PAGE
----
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Absolutely agree with Farra's comment. Anyone who tells you you're selfish for not adopting better not have kids themselves, or else they're just as guilty. If they really feel that way why did they bother having their own kids at all? They should have just gone out there and adopted!

Risa
Guest

Amanda, so incredibly well said, friend! You seriously need to write a post about that. It truly starts out with small decisions that eventually become bigger decisions. Always thinking about you!

Risa
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Ha ha I know, it's something you don't really think about until you get the comments. 🙂

Risa
Guest

I've never gotten the "Maybe God is trying to tell you that you're not meant to be a mother" and I honestly wouldn't even know how to react to that. An adoption comment is always handled with as much respect as I can give, but if I got a comment like that, watch out. 🙂

Risa
Guest

Well said, Farra. I couldn't agree more with this issue of infertiles being responsible for taking the world's children. Chris and I have discussed the possibility of fostering, but wow. It's not all roses and bunnies. (Is that a term?) And I wish more people truly knew the adoption process better. Because it's stressful. It's a whole 'nother level of trying for a child.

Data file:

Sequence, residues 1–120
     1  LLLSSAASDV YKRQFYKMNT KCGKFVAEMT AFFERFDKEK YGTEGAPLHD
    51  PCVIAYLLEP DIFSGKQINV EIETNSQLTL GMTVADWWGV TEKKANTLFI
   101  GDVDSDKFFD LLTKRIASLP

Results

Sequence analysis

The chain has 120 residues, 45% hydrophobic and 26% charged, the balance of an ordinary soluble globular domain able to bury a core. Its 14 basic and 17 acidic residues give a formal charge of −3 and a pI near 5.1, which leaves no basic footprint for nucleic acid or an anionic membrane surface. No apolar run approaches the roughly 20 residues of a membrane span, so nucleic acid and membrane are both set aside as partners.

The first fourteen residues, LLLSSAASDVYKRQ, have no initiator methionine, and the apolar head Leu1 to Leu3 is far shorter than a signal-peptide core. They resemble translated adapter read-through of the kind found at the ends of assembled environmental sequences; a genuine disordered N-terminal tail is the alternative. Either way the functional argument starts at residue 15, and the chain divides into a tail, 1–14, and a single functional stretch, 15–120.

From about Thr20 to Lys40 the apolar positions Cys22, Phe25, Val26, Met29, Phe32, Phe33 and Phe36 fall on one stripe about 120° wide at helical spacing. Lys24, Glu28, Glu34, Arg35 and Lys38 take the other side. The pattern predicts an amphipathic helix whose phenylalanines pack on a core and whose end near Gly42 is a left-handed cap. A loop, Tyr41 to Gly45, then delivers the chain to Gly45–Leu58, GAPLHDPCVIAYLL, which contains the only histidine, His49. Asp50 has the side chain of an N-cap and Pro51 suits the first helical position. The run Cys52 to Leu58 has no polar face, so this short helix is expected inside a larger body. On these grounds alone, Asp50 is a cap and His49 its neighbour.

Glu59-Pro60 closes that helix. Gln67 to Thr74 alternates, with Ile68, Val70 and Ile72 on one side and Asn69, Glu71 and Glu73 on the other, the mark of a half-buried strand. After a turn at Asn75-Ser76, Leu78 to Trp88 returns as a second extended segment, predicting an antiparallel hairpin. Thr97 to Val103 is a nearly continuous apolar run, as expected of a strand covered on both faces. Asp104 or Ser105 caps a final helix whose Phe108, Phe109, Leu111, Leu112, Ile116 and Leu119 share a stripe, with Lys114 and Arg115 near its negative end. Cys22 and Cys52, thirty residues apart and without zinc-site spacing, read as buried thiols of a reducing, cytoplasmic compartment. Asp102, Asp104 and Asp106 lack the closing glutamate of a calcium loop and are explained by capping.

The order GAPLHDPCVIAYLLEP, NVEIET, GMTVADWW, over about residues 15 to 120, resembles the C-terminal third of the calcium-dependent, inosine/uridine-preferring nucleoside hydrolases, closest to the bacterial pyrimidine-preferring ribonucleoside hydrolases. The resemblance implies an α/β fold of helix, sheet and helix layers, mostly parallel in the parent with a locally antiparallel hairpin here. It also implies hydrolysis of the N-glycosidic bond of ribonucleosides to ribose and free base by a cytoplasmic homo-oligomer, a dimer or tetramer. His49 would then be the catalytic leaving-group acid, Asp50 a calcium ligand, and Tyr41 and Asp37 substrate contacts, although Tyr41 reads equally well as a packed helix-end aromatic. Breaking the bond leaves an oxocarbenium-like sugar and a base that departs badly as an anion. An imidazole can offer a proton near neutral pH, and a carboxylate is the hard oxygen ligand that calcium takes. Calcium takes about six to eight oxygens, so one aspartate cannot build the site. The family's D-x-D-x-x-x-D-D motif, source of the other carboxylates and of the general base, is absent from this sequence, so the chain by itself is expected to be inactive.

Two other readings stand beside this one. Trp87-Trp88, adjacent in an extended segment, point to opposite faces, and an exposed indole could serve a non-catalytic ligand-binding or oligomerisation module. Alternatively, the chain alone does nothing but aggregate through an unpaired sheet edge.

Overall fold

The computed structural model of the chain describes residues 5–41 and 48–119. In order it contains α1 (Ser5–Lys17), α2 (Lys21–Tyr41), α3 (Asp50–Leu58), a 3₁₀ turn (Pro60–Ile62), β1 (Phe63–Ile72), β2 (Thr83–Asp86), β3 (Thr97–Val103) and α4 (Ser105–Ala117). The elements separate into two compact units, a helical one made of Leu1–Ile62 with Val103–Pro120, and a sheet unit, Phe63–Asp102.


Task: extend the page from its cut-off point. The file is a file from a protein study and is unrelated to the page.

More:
Risa
Guest

And even if they do have their own adoptive kids, wonderful. That's great. Stop trying to push your "solution" to infertility on everyone else.

Melissa Long
Guest

"Have you ever thought of adoption?" Seriously that one is just STUPID. *hugs*

jAllen
Guest

I had two patients really push me on "are you going to have kids questions" so I decided to reveal my infertility to shut them up and maybe make them realise how insensitive thier questions were. Neither were phased, one said "well there are so many children out there who need a home" and I replied "Yes, but the process of getting one into my home is very difficult" The other told me "it will happen when you least expect it" I told her, "No it will happen exactly when I expect it, during my embryo transfer." Maybe I would… Read more »